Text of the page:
The 8(a) Business Development Program is established to help economically and socially disadvantaged individuals earn federal contracts. The business must be at least 51% controlled by a disadvantaged individual, but a recent report by the Office of Inspector General expressed concern that not enough was being done to ensure bidders were qualified. It found that numerous businesses were allowed to participate in the program even though they were not qualified.
A recent review of the program by the OIG found that 30 of the 48 organizations it reviewed for eligibility did not qualify. The OIG asked these organizations to address the eligibility concerns, and most did. But 10 still did not adequately supply information to the federal government about eligibility, and two of them had numerous problems meeting the requirements. The OIG placed the blame on the Associate Administrator for Business Development, which is responsible for certifying the applications, and warned the Small Business Administration to place better control over the program.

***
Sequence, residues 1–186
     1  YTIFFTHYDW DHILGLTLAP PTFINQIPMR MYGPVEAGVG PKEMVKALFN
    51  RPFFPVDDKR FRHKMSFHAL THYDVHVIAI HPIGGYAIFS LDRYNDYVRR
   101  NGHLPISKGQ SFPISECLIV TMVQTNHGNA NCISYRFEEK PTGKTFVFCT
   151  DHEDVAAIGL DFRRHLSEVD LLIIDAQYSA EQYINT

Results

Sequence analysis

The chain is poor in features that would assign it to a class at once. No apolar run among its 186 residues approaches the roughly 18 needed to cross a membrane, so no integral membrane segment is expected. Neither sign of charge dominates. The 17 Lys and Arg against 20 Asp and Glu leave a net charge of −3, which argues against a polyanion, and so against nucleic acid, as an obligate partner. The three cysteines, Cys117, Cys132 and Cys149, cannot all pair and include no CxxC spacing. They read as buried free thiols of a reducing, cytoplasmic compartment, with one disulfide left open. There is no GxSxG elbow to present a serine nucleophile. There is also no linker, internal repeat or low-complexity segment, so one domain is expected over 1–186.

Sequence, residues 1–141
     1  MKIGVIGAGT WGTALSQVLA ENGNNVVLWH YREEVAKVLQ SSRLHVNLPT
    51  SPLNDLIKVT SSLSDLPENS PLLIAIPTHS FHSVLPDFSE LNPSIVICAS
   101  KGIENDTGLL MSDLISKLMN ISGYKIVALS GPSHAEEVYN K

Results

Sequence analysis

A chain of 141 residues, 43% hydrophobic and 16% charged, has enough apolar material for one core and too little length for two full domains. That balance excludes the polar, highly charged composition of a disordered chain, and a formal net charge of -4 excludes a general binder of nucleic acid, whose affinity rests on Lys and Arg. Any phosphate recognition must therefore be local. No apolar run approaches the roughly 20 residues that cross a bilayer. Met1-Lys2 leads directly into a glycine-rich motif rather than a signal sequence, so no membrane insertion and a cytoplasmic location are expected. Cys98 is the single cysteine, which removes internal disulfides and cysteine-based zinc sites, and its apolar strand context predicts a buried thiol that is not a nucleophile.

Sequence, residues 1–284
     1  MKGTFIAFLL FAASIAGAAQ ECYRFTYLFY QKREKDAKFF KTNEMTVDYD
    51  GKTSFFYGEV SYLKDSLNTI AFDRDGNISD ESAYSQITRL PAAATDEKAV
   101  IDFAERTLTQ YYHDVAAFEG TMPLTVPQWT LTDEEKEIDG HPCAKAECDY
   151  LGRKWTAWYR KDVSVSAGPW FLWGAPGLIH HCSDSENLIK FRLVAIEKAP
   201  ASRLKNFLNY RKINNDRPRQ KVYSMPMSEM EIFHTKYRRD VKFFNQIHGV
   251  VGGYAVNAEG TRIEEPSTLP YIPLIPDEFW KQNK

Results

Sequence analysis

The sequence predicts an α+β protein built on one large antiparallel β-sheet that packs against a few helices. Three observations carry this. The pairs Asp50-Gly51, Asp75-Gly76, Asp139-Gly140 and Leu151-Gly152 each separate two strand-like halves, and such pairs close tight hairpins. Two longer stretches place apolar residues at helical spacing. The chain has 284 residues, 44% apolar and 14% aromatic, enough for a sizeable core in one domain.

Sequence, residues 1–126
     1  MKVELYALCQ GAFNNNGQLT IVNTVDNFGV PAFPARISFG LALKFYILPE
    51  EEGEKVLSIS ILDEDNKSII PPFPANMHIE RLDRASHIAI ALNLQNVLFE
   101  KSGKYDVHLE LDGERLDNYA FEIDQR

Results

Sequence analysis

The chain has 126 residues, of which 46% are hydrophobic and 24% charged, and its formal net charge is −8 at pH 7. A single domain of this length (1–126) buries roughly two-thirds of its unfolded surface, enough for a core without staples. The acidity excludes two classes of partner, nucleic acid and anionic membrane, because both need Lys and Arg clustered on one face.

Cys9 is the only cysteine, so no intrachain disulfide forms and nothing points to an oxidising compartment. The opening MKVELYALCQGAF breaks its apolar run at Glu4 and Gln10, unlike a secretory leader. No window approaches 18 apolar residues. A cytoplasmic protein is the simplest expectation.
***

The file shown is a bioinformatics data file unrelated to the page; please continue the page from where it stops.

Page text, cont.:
“Absent adequate documentation to demonstrate that participants met all eligibility requirements, SBA lacks assurance that only eligible firms receive the benefits of the 8(a) program. Unqualified firms that receive Federal contracts jeopardize the integrity of the 8(a) program,” the OIG wrote.
The report made several recommendations. To start, it wanted a review of the 10 firms it discovered in the report. In addition, it wants the Associate Administrator for Business Development to develop specifics ways to monitor and ensure the integrity of the program.
KDuncan & Company is dedicated to providing knowledge and support for small government contractors about concerns regarding government contracting. For questions on areas such as as cost proposals, accounting systems, DCAA compliance, and incurred cost audits, reach out to KDuncan & Company.